1. In forty non-smoking healthy subjects and seventy-two patients with left heart diseases measurements were made of the volume expired in the first second of a forced expiration (FEV1) and the total volume expired in a forced expiration (FVC) before and after inhalation of salbutamol. Before and after salbutamol the healthy subjects and patients also inhaled maximally an inspirate, the first part of which contained 133Xe and, during controlled expiration, the radioactivity of the expirate was measured and plotted against its volume. The resulting curves were divided into phases of different slope by eye, the point at which phase 3 changed to phase 4 being nominated the closing volume.
2. In forty non-smoking healthy subjects inhalation of salbutamol was followed by significant increase in FEV1 but FVC and closing volume did not change.
3. Change in posture from seated erect to supine in thirty of these healthy subjects was accompanied by significant reduction in FEV1 and FVC and as closing volume was not significantly different in the two positions the ratio closing volume/vital capacity was increased with recumbency.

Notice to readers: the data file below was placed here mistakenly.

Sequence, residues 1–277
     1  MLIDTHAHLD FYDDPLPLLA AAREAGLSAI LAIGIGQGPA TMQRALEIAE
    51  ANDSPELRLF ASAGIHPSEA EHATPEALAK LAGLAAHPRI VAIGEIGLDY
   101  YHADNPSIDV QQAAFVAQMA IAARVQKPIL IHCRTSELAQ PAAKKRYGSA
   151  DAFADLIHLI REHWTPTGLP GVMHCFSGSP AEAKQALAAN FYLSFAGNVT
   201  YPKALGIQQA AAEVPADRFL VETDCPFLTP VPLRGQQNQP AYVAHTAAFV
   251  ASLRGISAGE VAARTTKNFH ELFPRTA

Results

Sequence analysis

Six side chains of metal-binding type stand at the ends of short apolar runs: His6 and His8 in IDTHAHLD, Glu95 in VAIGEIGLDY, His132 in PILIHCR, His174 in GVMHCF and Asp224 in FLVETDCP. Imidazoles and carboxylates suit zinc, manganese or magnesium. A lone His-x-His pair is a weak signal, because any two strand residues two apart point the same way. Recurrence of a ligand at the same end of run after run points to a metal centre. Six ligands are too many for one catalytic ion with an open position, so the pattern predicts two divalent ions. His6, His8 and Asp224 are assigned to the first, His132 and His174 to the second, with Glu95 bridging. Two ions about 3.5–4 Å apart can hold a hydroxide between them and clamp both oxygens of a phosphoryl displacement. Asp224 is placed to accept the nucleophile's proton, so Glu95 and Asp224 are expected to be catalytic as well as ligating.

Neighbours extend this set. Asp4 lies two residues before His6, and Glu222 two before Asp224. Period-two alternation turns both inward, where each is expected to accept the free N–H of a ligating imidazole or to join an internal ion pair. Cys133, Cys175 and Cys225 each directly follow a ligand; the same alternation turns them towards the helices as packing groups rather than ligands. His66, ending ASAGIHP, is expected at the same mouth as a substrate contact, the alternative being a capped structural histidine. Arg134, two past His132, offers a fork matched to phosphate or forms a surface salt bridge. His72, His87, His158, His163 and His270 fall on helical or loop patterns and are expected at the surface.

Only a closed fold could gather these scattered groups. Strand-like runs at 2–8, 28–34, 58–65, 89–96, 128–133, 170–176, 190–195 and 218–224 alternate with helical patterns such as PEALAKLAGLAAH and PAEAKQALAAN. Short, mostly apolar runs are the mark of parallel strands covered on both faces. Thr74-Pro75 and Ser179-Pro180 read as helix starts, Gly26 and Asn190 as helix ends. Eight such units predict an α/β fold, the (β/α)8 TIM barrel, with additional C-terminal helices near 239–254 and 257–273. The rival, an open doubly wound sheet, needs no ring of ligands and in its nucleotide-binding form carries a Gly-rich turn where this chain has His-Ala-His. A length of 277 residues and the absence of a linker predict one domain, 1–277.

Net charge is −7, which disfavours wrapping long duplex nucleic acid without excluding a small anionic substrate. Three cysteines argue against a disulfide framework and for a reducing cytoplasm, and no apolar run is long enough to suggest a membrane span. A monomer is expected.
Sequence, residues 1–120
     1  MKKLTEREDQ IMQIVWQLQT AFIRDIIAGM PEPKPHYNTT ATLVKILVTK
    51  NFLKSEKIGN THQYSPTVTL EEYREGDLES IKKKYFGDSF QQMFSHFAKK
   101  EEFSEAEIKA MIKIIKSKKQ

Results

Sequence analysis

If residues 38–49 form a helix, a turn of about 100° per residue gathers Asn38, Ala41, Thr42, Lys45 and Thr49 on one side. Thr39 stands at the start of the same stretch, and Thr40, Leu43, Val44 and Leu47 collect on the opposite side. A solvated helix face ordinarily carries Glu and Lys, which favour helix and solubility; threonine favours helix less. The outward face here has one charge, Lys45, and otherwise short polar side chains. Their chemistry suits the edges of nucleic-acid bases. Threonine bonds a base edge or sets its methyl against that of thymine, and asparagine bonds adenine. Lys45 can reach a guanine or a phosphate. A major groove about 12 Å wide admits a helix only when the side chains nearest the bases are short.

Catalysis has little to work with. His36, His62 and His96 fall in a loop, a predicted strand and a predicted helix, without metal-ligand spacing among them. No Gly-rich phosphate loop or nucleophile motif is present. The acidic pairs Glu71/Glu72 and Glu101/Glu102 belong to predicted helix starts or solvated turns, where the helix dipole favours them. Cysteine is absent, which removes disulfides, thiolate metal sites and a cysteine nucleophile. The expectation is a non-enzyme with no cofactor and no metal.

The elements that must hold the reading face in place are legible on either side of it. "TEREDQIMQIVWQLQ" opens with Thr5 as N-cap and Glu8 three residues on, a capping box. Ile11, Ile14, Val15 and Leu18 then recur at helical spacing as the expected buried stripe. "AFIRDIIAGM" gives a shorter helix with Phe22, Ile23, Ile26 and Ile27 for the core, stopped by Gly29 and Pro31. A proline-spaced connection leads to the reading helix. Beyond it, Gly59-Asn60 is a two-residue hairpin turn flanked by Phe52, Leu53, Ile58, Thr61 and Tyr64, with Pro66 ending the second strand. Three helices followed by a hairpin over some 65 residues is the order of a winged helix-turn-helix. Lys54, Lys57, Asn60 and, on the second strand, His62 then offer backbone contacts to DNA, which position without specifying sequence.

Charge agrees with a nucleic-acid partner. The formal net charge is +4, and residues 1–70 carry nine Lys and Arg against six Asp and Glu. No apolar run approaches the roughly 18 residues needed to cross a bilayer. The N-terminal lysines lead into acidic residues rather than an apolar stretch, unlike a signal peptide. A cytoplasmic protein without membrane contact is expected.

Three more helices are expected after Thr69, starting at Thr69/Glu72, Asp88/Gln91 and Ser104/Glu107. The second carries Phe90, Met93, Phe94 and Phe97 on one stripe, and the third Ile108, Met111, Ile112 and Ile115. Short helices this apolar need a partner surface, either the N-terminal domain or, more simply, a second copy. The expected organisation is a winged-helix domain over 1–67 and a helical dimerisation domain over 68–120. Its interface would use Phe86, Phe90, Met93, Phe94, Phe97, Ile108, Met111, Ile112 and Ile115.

4. In seventy-two patients with left heart diseases without a history of cough or wheeze, FEV1, FVC, closing volume and the ratio closing volume/vital capacity were significantly different from values in the healthy subjects. There was no significant difference between non-smokers and ex-smokers amongst the patients.
5. Significant increase in FEV1, FVC and reduction in closing volume and the ratio closing volume/vital capacity followed inhalation of salbutamol in patients with heart diseases but the values remained significantly different from those recorded in the healthy subjects.
6. In twenty patients with heart diseases, FEV1 and FVC were reduced by change in posture from seated erect to supine but the ratio closing volume/vital capacity and the regression with age of this ratio were not significantly changed by change in position.
7. In patients with heart diseases the ratio closing volume/vital capacity was significantly correlated with severity of breathlessness and length of symptom-history but not with left ventricular end-diastolic or pulmonary vein wedge pressures.